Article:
Who are the Beguines? I didn’t know about these women, collectively called the Beguines, until I began my spiritual direction education 12 years ago.
Just today I had a conversation with a friend and we both shared that our knowledge of strong Christian women from our history is weak. I told her about the Beguines and just knew I had to feature them on this month’s Tending the Holy Thursdays.
Tending the Holy Thursday highlights for several weeks a spiritual practice or a person(s) of faith, so we can explore the topic with more depth. For October, we will learn more about who the Beguines were, then dive deeper into several of the women who wrote and whose names we know.
As usual with each month’s theme, I have an additional FREE download for you. I created something different this month: a fun wordsearch using words describing the Beguines. You can get this freebie by clicking on the button at the end of this post.
Who are the Beguines?
I could probably write a book about all their details but think for simplicity sake I will just bullet key points about their lives:
- The Beguines lived in the mid-twelfth and thirteenth centuries in Belgium, France, Germany and the Netherlands.
- Their housing complexes were called Beguinages and I was blessed to visit one location in Bruges, Belgium.
- Beguinages looked like what we called townhouses, often were surrounded by a wall and most held a large central courtyard.
- In Northern Europe by the middle of the 13th century, there were thousands of women living as Beguines and in housing complexes that included gardens, markets, breweries, churches, hospitals and cemeteries.
- They were mostly women who sought personal spiritual growth while remaining independent from the traditional ways of the religious orders of their time period.
- They dedicated themselves to God, prayer and serving others.
- They did wear “habits” often beige in color and are classified as a semi-monastic lay religious order.
- Beguines did not take vows and were free to leave the community if they willed.
- A few group of men collected together in similar order and were known as the Beghards.
- They established schools, communities, and textile work industries.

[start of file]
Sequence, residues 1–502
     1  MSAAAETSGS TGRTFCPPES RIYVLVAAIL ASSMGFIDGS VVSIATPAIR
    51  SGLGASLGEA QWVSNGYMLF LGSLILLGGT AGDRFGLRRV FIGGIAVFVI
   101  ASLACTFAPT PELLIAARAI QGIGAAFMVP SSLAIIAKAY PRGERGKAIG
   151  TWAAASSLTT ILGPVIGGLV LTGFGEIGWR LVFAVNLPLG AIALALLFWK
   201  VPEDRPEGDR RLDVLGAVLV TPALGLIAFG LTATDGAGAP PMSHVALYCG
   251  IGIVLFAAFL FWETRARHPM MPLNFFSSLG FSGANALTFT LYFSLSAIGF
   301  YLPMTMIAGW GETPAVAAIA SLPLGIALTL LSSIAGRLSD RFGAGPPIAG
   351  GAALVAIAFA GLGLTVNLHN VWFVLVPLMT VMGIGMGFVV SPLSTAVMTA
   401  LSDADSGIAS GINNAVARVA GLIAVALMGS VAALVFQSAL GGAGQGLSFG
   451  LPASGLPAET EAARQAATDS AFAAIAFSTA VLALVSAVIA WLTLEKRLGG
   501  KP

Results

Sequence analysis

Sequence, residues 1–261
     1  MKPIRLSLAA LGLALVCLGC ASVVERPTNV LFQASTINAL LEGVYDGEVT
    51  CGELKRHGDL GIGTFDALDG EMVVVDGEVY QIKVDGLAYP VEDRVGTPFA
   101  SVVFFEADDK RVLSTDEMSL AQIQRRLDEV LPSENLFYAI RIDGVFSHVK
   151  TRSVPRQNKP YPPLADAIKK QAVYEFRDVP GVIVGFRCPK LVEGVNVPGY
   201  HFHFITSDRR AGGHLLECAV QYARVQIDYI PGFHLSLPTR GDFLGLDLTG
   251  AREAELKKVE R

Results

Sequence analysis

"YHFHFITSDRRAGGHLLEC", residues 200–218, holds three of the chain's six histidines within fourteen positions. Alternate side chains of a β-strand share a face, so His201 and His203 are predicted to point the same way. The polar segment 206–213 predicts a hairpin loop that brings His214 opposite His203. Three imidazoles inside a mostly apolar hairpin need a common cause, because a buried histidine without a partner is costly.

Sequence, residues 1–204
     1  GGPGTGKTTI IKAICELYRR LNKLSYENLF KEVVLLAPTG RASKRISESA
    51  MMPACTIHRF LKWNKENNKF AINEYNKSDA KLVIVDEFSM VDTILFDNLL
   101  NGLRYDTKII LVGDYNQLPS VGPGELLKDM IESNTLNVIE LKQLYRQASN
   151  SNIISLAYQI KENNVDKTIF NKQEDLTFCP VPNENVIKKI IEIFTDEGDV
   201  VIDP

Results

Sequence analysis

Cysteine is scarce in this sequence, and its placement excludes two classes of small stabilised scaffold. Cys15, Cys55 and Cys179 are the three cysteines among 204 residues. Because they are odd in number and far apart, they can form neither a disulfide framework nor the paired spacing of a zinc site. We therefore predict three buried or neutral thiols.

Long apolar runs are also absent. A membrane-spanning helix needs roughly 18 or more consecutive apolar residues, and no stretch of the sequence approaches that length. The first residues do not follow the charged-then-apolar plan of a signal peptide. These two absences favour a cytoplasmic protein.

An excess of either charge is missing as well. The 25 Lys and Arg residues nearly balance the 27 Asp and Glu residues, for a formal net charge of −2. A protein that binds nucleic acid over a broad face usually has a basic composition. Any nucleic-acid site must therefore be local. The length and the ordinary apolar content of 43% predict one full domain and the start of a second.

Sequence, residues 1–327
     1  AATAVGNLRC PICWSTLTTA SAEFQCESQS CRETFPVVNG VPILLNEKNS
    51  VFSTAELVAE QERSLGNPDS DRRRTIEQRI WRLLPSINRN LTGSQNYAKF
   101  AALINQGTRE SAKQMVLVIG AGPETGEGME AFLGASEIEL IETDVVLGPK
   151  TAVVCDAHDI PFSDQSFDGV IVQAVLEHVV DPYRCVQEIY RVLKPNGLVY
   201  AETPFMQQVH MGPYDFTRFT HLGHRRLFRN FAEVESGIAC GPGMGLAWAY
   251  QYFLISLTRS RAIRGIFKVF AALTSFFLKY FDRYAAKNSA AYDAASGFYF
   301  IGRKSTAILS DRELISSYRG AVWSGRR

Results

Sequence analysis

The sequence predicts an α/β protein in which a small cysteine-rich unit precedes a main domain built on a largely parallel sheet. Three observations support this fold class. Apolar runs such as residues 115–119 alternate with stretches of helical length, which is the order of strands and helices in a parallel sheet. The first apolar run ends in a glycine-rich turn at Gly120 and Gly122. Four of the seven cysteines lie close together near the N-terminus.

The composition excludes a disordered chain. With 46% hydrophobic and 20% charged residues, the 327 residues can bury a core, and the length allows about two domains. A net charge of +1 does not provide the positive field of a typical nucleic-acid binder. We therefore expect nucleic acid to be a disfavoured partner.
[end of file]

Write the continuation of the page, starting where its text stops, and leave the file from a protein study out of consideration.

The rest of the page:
- They cared for the sick, the dying and the poor.
- Their spirituality was mystical and full of “love language” quite common for the middle ages.
Brief History of the Beguines
- Some scholars claim the Beguines were the first women’s movement in Christian history.
- Beguines studied theology, wrote meditations and even translated Bible stories into the common language.
- The church originally supported the movement but as their numbers and independence grew so did the suspicion. They were women after all!
- By the middle of the 13th century criticism of the clergy and certain writings of some prominent Beguines added to the growing uneasiness about the movement.
- A few Beguines were even burned at the stake. More on that story next week.
- Since there were neither “religious taking vows,” and subject then to the church powers or fully secular and under the mandates of a husband/family, the authorities cracked down and began dissolving many beguinages.
- Many of the women eventually entered convents.
Next Thursday we will explore the lives of several of the Beguines and from their stories get a glimpse to the spirituality of these fascinating group of women from the middle ages.
Don’t forget to download your free wordsearch about the Beguines by clicking on the button below. I would appreciate you sharing this post with others and inviting more to visit Healthy Spirituality. We are building a great community here. Thank you!
Had you ever heard of the Beguines before? What do you think?